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Avoid Probate and Collect Your Inheritance with a Small Estate Affidavit

If you recently lost a loved one, the process of trying to settle their estate can be confusing. In many cases, the deceased person’s estate must go through probate court before assets can be distributed to heirs. This is true whether or not your loved one had a valid will, although a will can go a long way in simplifying the process and ensuring assets pass according to the deceased person’s wishes. However, in certain situations, a Small Estate Affidavit can be used to simplify estate administration.

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Can a small estate be settled without going through probate?

No two estate administrations are exactly the same; the process will depend on the types of assets your loved one owned, how those assets were titled, and the laws of the state where your loved one lived (and where they owned property, if different from their state of residence).

Some assets pass directly to named beneficiaries or joint owners outside of any court proceedings. For example, if your deceased loved one had a retirement plan or life insurance policy where they named individuals or charitable organizations as beneficiaries, those assets pass outside of the estate. Similarly, a bank account or investment owned as “joint tenants with rights of survivorship” will pass to the other named joint tenant(s) without having to go through a court proceeding, and assets held in trust pass according to the terms of the underlying trust agreement.

In general, any assets titled solely in the deceased person’s name are considered “probate assets,” meaning that they pass according to the deceased person’s will if they left one or, if not, according to state law. Fortunately, some states’ laws provide for Small Estate Affidavits, which allow heirs to collect assets without the need for probate court administration.

What is a small estate?

You will need to consult the laws of the state where your loved one lived to determine if your loved one’s estate meets the definition of a “small” estate.

In some states, a small estate is one where the deceased person did not own any real estate in his or her name alone and the total value of their probate assets at the time of death was less than $30,000. In other states, this threshold is $50,000, $75,000, $100,000, or even up to $150,000.

When adding up the total value of probate assets, remember that the total generally includes any assets in the deceased person’s name alone, without a joint owner or a beneficiary. This may include bank accounts, vehicles, investments, tangible personal property, bonds, cash, and more. You may be able to deduct the amount owed on an asset (the outstanding balance on a car loan, for example). Again, it is important to understand state-specific requirements before proceeding with a Small Estate Affidavit.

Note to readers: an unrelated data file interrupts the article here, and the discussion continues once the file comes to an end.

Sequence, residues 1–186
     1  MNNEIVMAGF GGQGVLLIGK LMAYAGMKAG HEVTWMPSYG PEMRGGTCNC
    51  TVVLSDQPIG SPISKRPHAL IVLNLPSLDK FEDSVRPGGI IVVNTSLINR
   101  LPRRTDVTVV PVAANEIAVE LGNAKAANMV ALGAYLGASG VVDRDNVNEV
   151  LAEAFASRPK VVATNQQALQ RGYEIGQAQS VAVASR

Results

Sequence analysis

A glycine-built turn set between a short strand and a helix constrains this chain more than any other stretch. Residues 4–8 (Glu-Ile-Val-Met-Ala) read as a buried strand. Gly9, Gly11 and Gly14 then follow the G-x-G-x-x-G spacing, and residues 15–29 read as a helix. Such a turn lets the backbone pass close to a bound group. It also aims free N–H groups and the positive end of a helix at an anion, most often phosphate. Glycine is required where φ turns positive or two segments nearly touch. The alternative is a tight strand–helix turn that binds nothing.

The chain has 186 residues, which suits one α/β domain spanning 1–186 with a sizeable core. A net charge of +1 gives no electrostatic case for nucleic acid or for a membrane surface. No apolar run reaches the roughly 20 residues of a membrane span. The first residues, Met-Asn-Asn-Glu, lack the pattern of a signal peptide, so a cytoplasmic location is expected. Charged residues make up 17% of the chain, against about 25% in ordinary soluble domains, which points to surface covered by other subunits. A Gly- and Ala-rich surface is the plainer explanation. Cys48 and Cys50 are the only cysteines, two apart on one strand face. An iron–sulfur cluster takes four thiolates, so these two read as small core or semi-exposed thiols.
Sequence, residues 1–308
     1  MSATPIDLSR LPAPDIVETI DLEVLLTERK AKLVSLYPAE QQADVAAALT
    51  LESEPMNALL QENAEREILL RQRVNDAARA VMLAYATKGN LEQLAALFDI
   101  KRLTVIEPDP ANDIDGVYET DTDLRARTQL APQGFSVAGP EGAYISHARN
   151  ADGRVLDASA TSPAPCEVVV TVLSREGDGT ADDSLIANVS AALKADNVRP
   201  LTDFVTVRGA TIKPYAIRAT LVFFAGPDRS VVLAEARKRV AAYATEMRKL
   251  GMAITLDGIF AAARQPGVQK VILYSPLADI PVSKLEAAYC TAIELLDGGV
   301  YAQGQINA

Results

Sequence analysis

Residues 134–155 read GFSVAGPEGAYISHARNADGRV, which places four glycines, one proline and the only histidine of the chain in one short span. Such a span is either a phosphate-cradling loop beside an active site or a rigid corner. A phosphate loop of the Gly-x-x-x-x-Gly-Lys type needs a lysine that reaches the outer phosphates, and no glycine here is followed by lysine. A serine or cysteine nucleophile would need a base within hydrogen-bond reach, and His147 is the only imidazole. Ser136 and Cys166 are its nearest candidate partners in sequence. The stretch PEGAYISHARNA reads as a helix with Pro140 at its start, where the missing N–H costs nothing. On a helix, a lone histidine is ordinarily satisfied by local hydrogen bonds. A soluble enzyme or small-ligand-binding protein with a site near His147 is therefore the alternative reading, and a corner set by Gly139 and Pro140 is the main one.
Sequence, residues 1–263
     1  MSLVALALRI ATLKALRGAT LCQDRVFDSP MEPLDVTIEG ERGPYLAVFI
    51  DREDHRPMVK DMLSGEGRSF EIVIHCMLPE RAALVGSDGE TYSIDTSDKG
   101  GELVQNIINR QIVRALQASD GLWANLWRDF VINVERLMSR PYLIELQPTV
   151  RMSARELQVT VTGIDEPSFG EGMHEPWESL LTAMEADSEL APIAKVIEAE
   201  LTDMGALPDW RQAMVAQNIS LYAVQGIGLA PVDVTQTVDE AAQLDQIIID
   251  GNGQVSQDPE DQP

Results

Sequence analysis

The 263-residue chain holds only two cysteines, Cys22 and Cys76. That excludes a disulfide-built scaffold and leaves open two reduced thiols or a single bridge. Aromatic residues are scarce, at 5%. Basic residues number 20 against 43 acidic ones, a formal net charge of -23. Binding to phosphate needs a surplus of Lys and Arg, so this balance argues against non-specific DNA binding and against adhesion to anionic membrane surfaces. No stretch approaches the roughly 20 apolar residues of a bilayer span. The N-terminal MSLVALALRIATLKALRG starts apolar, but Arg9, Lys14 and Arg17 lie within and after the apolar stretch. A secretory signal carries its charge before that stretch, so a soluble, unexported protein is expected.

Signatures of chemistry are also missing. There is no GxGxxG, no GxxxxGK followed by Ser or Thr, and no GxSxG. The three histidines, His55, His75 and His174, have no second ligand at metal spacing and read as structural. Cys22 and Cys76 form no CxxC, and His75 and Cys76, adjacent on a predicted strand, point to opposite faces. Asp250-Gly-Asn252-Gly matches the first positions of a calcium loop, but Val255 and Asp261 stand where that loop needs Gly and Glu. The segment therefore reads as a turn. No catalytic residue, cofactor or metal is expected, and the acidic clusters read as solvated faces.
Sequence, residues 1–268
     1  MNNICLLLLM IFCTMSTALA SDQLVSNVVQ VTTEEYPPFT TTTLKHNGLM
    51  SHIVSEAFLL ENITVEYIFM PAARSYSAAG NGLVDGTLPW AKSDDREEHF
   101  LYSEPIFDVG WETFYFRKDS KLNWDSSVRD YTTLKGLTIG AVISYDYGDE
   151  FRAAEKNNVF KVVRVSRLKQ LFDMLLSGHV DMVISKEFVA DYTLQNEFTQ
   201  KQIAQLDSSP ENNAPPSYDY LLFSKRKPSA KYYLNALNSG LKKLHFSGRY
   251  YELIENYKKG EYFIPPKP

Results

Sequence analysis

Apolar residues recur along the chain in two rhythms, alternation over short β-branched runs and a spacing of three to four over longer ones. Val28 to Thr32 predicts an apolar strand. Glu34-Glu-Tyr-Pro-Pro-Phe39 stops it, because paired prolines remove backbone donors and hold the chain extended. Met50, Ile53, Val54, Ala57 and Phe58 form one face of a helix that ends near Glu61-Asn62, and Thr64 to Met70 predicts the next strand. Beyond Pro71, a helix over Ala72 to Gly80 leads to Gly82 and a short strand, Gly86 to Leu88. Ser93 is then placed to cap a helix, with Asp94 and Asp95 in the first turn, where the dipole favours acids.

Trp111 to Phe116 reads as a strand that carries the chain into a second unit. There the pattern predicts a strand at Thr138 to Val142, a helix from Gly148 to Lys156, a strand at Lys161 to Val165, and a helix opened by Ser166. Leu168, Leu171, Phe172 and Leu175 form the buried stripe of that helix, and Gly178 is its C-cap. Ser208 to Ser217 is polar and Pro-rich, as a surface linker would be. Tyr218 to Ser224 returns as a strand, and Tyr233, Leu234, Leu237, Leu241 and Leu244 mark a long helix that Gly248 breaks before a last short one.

What is the purpose of a small estate affidavit?

Probate proceedings can be expensive, time-consuming, and lengthy, resulting in potentially significant time delays before heirs are entitled to receive their shares of the estate assets. Probate proceedings are also matters of public interest, meaning that anyone can see the details of the probate matter once the estate has been opened with the court.

If your deceased loved one’s estate falls under the definition of a “small estate,” and state laws allow for the use of Small Estate Affidavits, it may be possible to collect your loved one’s assets within 30-40 days after their death, without having to go through probate court at all. While you will still need to provide notice of death for your loved one, you can potentially avoid a lengthier, more overwhelming administration process.

How much does it cost to file a small estate affidavit?

Here again, you will need to check state-specific rules to determine whether you need to file your affidavit with the court.

In most cases, you do not need to file the Small Estate Affidavit with the court. Instead, you submit the affidavit along with proof of death (generally, a certified copy of the deceased person’s death certificate is required) with the bank or other financial institution holding the deceased person’s assets. The affidavit is intended to assure the financial institution that the estate qualifies for the small estate exemption so they can distribute account assets without probate court letters testamentary or letters of administration.

Estate Administration Help and Guidance is Available

Handling the estate of a deceased loved one can be overwhelming. The Rocket Lawyer Survivor Checklist can help you identify and manage the forms and documents you will need, providing a roadmap to help ensure nothing is missed.

For personalized assistance to help manage estate administration steps, and to determine whether your loved one’s estate may qualify to use a Small Estate Affidavit, talk to a Rocket Lawyer On Call® attorney for guidance today.

This article contains general legal information and does not contain legal advice. Rocket Lawyer is not a law firm or a substitute for an attorney or law firm. The law is complex and changes often. For legal advice, please ask a lawyer.

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